Spring exhibitions in Paris
The best exhibitions on now, from Bowie to Velazquez
Secret galleries in Paris
You could fit all six of these venues inside one wing of the Louvre; yet together they represent a vast cross-section of the capital’s alternative art scenes, ranging from street art to anonymous photography.
50 artworks not to miss
Which key artworks on display in the city's museums and galleries tell the story of art in Paris?
Contemporary art museums
From hard-hitting photography exhibitions to offbeat multi-media installations.
Open air museums
The best open air museums in the capital for a dose of fresh air AND culture.
The best exhibitions on now
The best theatre on now
Biennale internationale des Arts de la Marionnette
The 'International Puppet Festival' reminds us that these mobile dolls aren't just for children, but form an entire creative field of their own. Going far beyond simple entertainment, the Biennale's forum invites visitors to discover puppet shows large and small, inside and in the open air, peopled by puppets or objects or images from elsewhere, with dramatic themes ranging from the tragic to the comic. The festival's first week is located at the Théatre du Mouffetard in the 5th arrondissement before going on tour around France. Standout acts include the American production 'Dogugaeshi' by Basil Twist, a surreal Belgian show using found objects 'La Trilogie des Polinchineurs', and even a Puppet Porno Show. For the full programme click here.
Created by famous German choreographer Pina Bausch in 1982, 'Nelken' ('carnation') features twenty dancers, a soundtrack of Ella Fitzgerald singing George Gershwin and carpets of pink and red carnations. One of the first examples of a theatre show that mixes up the genres, here classical dance is spliced with alternative scenes and a drama by Raimund Hoghe, with costume design by the late Rolf Borzik. Altogether, it's an unforgettable lesson in the art of dance.
Parisians' love affair with the Bard is about to hit a new pitch of intensity. The three-part 'Henry VI' is rarely staged on account of its sheer length; when it is, it's often in abridged form. But no compromises for Thomas Jolly: the promising young director will be presenting the play in all its 18-hour glory. On the back of an acclaimed performance at the Avignon Festival, Jolly and his troupe bring their boldly modernist production of the historical drama to the Odéon. Lest the thought of sitting through 10,000-odd lines of iambic pentameter strike fear into you and your buttocks, rest assured the performances will be split over two nine-hour days and punctuated with several intervals. Shaespeare purists and non-Francophones should note that the production is in French. Performances will be staged on 2/3, 8/14, 9/10 and 16/17 May 2015.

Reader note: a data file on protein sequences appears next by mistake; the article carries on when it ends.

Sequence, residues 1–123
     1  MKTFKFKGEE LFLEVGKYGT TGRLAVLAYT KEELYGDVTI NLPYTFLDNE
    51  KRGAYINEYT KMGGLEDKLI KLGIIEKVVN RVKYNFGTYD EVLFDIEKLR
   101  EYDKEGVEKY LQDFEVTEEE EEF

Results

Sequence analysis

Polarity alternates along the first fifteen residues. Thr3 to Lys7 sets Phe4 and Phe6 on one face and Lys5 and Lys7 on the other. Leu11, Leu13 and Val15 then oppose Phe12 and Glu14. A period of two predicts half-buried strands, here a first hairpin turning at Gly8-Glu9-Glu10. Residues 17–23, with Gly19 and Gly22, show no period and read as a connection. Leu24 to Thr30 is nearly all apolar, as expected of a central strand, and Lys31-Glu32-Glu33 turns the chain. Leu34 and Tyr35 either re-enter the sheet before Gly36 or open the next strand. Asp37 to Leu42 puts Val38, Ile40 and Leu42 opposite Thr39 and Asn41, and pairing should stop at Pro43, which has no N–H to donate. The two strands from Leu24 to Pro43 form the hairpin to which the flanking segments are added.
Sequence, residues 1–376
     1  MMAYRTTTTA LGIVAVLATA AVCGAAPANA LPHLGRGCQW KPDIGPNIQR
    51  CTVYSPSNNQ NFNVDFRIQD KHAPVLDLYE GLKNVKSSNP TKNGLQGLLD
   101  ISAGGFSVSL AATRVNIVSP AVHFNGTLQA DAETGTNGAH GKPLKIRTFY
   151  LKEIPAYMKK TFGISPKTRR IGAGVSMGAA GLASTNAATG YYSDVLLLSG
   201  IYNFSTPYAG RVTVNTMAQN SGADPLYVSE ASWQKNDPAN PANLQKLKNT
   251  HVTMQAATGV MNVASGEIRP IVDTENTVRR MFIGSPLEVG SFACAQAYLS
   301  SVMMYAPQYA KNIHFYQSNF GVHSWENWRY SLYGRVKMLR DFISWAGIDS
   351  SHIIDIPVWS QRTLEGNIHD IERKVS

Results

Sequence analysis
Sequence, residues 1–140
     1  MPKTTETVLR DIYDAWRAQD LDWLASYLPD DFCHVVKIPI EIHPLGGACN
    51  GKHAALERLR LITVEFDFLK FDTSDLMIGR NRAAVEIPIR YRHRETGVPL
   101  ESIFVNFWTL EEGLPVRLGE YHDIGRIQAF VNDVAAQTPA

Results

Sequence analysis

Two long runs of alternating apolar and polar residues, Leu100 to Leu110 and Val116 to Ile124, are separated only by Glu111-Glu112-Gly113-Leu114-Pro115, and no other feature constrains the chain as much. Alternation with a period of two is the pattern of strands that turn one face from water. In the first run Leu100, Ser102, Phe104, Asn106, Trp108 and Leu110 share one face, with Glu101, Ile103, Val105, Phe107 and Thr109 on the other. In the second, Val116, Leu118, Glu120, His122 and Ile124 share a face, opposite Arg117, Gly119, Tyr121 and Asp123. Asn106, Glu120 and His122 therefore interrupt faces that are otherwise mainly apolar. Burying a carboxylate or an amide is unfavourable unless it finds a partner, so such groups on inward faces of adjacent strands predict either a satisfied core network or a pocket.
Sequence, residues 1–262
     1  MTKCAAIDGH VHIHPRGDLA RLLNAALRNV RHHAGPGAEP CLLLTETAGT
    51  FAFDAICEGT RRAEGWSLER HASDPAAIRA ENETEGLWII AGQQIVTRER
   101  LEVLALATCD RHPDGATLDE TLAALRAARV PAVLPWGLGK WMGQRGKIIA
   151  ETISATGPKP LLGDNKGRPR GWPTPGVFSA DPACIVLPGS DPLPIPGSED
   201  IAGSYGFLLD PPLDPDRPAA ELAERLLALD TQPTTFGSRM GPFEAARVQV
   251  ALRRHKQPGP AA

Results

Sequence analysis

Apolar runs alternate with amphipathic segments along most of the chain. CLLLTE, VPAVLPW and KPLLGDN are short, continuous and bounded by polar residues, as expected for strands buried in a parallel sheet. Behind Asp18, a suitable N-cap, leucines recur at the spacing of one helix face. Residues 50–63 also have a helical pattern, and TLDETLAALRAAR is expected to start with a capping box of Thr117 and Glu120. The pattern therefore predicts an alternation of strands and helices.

For those unschooled in Putin's mother tongue: 'semianyki' is the Russian word for 'family'. Indeed, this posse of zanily attired clowns is a family of sorts, united by a common sartorial eccentricity and taste for the absurd. Founded in 2002 at St Petersburg's Teatr Licedei (the fulcrum of Soviet theatre), the troupe have spent more than a decade honing their bombastic comic routine; after the runaway success of their show 'La Famille Semianyki', they return to the stage with 'Semianyki Express'. Prepare to crack up.
Ong Keng Sen has been haunted by Shakespeare's ghost for some time now. Since the late ’90s, the Singaporean director has staged a string of plays that offer strange, oneiric reimaginings of the Bard's works; his latest, 'Lear Dreaming', is no exception. Half-sung, half-spoken, and all delivered in an alphabet soup of East Asian languages (Indonesian, Japanese, Korean and Mandarin all feature; subtitles in French), this version of 'King Lear' is more gamelan than Globe – though going by Ong's canon, it should remain faithful to the complex themes at the heart of the play.